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Tax policy implications for a Sustainable, Green, Steady State Economy for the 21st Century (series: part 2 of 2)

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slow growth and relocalized monetary growth versus velocity vectorized fast growth

"Tax Policy is Economic Policy!"

(series: part 2 of 2 - continued from part 1)

Jack Lindblad, in his public comment for the Commission on the 21st Century Economy, posted under "Public Comments" - down this page, as a pdf, draws together the economic and ecological collapses' connectedness to urge a steady state economy and tax policy based on relocalization and bio-regional determinism to retire endemic deficit spending and adapt to, mitigate, and restore ecological services from climate change by reducing emissions 70% by 2015 for a less than 2 °C rise from 2000 levels to avoid escalating, horrific effects of deepening social, economic and ecological collapse.


from Genuine Progress Indicator

Why haven't we gone to the GPI metric already?

"In this Age of Deceit, it is a revolutionary act to tell the truth."

We are taught by growth economics that consumptive, endless growth is desirable and that steady state economics will not provide an adequate economic engine to satiate the population's consumption level. Orwellian doublethink is at work when society believes the intertwined runaway curves of consumption which define burgeoning economic activity and the runaway curve of the endlessly increasing level of Global Greenhouse Gas are acceptable and necessary for "our lifestyle" in the United States - which uses energy at 6 times the per capita of other countries in the world.

Doublethink is the act of simultaneously accepting two mutually contradictory beliefs. It is an integral concept of George Orwell's dystopian novel Nineteen Eighty-Four.

The following quote by F. Scott Fitzgerald, who died prior to the publication of 1984, is notable in the context of Orwellian doublethink:
"The test of a first-rate intelligence is the ability to hold two opposed ideas in the mind at the same time, and still retain the ability to function."(*) Also notable, in the same context, is Aristotle's observation that: "It is the mark of an educated mind to be able to entertain a thought without accepting it"' http://en.wikiquote.org/wiki/Aristotle#Unsourced


What does steady state economy look like and what may be its implications on tax policy?

Coupled to the same time line to avert the most catastrophic climate change-caused events has to be a conversion of California and the U.S. to a sustainable or "steady-state" economy. Two guiding principles: natural resources are not used faster than they can be replenished by the planet, and waste emissions are not deposited faster than they can be absorbed.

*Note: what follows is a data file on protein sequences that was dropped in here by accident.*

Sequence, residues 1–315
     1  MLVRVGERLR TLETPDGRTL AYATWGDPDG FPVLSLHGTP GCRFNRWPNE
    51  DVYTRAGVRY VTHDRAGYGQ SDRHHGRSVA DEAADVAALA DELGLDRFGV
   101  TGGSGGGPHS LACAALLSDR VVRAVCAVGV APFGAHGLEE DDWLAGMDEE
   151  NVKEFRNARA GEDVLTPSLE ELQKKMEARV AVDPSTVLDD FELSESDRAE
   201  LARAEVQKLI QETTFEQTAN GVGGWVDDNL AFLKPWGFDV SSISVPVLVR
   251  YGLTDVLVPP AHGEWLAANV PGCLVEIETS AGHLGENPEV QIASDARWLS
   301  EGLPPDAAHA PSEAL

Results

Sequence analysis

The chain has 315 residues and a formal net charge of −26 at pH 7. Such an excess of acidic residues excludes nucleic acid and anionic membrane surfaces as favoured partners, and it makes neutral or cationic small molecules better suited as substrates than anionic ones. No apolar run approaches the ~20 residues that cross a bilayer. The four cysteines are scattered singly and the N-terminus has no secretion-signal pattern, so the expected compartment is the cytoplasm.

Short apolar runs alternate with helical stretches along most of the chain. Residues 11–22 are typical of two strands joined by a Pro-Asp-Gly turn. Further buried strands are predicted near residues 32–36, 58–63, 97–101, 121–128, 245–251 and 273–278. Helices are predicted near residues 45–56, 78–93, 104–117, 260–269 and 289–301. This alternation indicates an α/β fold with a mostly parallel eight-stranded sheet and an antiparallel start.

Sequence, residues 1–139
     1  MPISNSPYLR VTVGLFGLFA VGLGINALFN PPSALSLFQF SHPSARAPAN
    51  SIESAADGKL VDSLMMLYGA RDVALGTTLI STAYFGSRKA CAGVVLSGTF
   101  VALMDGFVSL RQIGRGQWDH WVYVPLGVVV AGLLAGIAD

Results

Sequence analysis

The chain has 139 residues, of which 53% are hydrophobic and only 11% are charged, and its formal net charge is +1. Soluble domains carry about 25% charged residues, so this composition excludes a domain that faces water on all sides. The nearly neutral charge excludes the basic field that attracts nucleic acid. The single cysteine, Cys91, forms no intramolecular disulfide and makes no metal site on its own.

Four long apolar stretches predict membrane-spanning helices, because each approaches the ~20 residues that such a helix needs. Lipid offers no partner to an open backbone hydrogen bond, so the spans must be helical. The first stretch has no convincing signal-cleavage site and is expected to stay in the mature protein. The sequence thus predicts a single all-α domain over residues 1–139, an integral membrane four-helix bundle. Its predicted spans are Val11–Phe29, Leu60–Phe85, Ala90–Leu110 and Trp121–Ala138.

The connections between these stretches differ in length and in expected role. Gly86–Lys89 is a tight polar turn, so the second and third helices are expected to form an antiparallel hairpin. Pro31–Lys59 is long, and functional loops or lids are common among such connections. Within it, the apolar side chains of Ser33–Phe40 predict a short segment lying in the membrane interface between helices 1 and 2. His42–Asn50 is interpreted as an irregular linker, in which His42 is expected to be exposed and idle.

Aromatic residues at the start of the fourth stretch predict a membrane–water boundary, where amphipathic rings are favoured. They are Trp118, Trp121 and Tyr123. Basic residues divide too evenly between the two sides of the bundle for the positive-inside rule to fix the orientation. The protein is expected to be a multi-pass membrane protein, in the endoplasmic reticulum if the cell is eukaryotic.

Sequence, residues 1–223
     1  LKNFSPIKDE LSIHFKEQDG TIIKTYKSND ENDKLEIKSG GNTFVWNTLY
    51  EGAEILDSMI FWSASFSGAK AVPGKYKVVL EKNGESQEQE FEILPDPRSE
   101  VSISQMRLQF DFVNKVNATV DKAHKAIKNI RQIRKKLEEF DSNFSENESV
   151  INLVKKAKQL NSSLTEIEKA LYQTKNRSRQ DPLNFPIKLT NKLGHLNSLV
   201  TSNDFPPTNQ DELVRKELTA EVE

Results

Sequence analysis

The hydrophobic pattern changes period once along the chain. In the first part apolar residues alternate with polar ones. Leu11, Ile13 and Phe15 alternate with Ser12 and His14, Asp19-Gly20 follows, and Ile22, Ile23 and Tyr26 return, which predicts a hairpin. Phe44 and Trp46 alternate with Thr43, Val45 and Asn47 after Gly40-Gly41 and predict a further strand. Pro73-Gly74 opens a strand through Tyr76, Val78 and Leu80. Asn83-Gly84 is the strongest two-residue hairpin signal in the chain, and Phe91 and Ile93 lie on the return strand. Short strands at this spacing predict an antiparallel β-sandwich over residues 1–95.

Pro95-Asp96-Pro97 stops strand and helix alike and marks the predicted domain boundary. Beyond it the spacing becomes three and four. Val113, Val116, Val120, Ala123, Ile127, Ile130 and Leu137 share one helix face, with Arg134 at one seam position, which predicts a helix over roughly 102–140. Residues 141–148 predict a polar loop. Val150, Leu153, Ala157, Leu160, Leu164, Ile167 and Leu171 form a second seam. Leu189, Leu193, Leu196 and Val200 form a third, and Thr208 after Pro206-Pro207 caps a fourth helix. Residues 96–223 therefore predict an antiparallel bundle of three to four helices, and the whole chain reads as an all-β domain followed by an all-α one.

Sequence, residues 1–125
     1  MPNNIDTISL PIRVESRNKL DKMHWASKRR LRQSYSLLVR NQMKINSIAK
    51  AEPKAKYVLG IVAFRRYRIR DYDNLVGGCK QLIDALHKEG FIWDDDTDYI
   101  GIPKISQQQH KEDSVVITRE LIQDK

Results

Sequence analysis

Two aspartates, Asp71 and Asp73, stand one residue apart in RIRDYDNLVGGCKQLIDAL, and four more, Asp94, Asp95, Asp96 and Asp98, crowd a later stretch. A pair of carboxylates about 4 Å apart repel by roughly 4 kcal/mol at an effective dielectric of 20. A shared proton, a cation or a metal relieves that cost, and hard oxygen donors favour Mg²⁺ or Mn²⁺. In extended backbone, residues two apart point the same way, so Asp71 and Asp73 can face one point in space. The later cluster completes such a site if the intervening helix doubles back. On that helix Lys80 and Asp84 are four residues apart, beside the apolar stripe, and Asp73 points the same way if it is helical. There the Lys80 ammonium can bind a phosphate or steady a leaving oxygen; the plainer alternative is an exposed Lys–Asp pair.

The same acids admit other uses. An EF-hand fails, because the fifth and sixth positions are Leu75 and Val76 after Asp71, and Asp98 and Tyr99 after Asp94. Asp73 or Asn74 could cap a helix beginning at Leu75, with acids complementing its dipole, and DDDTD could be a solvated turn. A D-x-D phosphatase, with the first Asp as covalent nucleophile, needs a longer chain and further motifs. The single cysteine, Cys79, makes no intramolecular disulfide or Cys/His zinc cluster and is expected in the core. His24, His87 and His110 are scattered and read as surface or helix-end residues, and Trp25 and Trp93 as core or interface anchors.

Scientists' roles define what levels of consumption and emission are sustainable - producing estimates that economists can work out how to achieve those limits, and how to encourage innovation in maximizing the utilization of available natural resources.

Two main mechanisms are employed. The first is a cap-and-trade system, under which companies can buy and sell emissions permits for reducing carbon emissions. The second is to change what is taxed. We are gradually abolishing Income tax (a very regressive tax) is shifted to taxing resources at the point at which they are removed from the biosphere: oil as it is pumped from the ground. This raises the price of those resources, and encourages people to use them sparingly.

The regressivity that poorer people experience by paying a higher proportion of their incomes on goods and services than the rich - is offset this by using revenues to fund benefits, programs and projects geared for those on the lower income levels.

Without economic growth to raise incomes, poverty is addressed by transitionally redistributing resources by setting upper limits for income inequality. The permitted range of incomes reflects and rewards real differences and contributions rather than just multiplying privilege. Plato thought it was a factor of 4. Universities, civil services and the military have always seemed to manage with a factor of 10 to 20, but in the US corporate sector saw factors over 500 up to 19,000 in AIG's case. The optimal overall range from a factor of 30 upwards to 100, so if the lowest salary in a company is $10,000, the highest for a top manager is $1 million. Eventually, we may try to bring this down to $300,000.

Growth is allowed, so long as it doesn't exceed limits set by ecologists. Interest rates have therefore fallen very low, approaching zero. Though the rate of physical throughput of resources is limited, increases in efficiency and developments in technology are allowing us to get more and more out of the resources we have. This increases the value of the economy.

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Permission is given to reproduce in whole or in part with attribution of authorship and a link to this article. An architect by education and profession, Jack Lindblad is running to win California's 18th Senate District seat in 2014, having (more...)

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